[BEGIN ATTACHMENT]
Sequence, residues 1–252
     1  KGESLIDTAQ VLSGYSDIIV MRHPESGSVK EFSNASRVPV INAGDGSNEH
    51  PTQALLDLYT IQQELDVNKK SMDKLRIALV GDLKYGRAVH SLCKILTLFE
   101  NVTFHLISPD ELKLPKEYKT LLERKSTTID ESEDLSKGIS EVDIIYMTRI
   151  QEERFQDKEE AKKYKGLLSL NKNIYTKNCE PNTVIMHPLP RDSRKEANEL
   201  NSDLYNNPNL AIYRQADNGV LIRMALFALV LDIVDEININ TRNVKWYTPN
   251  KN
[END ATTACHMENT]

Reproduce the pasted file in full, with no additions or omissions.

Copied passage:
Sequence, residues 1–252
     1  KGESLIDTAQ VLSGYSDIIV MRHPESGSVK EFSNASRVPV INAGDGSNEH
    51  PTQALLDLYT IQQELDVNKK SMDKLRIALV GDLKYGRAVH SLCKILTLFE
   101  NVTFHLISPD ELKLPKEYKT LLERKSTTID ESEDLSKGIS EVDIIYMTRI
   151  QEERFQDKEE AKKYKGLLSL NKNIYTKNCE PNTVIMHPLP RDSRKEANEL
   201  NSDLYNNPNL AIYRQADNGV LIRMALFALV LDIVDEININ TRNVKWYTPN
   251  KN